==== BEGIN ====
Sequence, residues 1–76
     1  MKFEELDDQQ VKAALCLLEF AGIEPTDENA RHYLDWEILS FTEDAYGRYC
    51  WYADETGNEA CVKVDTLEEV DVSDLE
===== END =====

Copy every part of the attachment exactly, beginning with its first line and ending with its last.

Sequence, residues 1–76
     1  MKFEELDDQQ VKAALCLLEF AGIEPTDENA RHYLDWEILS FTEDAYGRYC
    51  WYADETGNEA CVKVDTLEEV DVSDLE